Posted on February 6, 2008 by Tommy McGuire
Labels: software development, job
Shortly after I moved to the Huntsville area, I had an interview with some nice folks from Colsa at the Software Engineering Directorate on Redstone Arsenal. They were looking for someone to work on the new Systems Test and Integration Laboratory. (That STIL link is completely unrelated to the SED or Redstone, but is the best description of the project that I have found.)

During the interview, I was asked a couple of variations of the question, "What would you do if you were given a set of totally evil requirements?" I babbled a bit, thought about it a somewhat too long for them, and the best reply I could come up with involved the word "prototypes".

Thinking about the interview later, I had serious trouble trying to decide why I had such a difficult time with the question. What finally came to me was that I had never been given a set of requirements! In my entire career, since I graduated the first time, I have never been on a project that involved a set of requirements handed down from above!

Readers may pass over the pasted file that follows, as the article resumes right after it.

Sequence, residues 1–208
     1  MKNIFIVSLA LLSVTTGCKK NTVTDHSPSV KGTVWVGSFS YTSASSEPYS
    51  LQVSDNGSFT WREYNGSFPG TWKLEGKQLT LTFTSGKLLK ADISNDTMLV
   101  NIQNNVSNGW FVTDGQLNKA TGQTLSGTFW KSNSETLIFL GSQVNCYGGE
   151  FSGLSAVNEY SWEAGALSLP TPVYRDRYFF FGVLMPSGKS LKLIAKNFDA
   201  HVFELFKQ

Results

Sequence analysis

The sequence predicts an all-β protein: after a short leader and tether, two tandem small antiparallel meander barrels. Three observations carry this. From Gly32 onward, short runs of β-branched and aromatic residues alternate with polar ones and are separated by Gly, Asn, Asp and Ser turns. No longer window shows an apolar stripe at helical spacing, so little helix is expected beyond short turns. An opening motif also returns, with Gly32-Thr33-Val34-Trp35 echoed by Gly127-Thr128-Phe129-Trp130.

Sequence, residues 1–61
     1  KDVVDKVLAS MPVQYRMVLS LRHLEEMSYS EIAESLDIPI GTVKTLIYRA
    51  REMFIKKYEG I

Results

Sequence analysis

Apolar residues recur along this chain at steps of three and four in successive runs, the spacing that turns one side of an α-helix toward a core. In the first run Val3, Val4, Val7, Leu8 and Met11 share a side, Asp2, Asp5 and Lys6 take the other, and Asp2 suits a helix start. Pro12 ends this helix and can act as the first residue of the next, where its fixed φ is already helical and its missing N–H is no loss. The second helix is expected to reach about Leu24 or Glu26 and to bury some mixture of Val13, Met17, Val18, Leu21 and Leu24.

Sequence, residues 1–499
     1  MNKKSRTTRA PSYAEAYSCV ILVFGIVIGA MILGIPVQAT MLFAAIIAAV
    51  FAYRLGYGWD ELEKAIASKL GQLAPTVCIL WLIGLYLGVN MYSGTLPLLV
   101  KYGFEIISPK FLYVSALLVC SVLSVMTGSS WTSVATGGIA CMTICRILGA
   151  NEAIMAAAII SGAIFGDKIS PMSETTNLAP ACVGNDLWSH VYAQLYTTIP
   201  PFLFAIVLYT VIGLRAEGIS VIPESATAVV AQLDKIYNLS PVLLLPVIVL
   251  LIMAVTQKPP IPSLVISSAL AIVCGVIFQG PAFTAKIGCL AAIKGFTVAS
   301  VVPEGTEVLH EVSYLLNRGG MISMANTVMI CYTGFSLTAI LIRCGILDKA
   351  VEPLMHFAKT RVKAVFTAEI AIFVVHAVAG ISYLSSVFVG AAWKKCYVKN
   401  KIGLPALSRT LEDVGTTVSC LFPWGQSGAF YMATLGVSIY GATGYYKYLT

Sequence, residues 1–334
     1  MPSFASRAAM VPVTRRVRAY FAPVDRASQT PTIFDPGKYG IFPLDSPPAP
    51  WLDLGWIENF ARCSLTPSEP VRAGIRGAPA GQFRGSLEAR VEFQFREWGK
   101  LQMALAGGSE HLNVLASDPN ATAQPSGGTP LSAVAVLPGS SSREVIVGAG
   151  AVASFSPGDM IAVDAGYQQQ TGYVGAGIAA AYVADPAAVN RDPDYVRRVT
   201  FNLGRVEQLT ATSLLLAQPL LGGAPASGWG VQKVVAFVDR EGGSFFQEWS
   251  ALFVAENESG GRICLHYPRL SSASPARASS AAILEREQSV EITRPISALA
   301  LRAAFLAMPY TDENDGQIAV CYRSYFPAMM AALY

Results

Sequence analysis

Sure, I have worked on projects that had requirements documents, such as the IBM WorkplaceOS project (such as it was), but that was ages ago, and my portion of the project was to write benchmarks to exercise the system; there were no written requirements for my part of the project. (Had there been, it seems likely that the framework I was basing on would not have had some of the monumental bugs that it did. Like the parameter that was supposed to represent an error percentage with a default of 10% but actually was just used as a divisor; the default of 10 works since x/10 == 10% of x, but no other value would....)

This seems to be a significant difference between Huntsville and Austin. In almost all of my previous (and current) jobs, I was expected to figure out the requirements myself. At best, I was given an initial problem definition ("This server soaks up too much memory. Fix it.") or some other prototypical system or reference implementation. And the best (and only reliable) way I have found to weasel out requirements is to give the customer something they can play with, so that they can provide me with complaints. Just asking the customer for requirements beforehand would be like asking a bobble-head; a magic 8-ball would be an improvement.

Anyway, I did not get the job. I was very disappointed. The work they are doing in the STIL is seriously cool.
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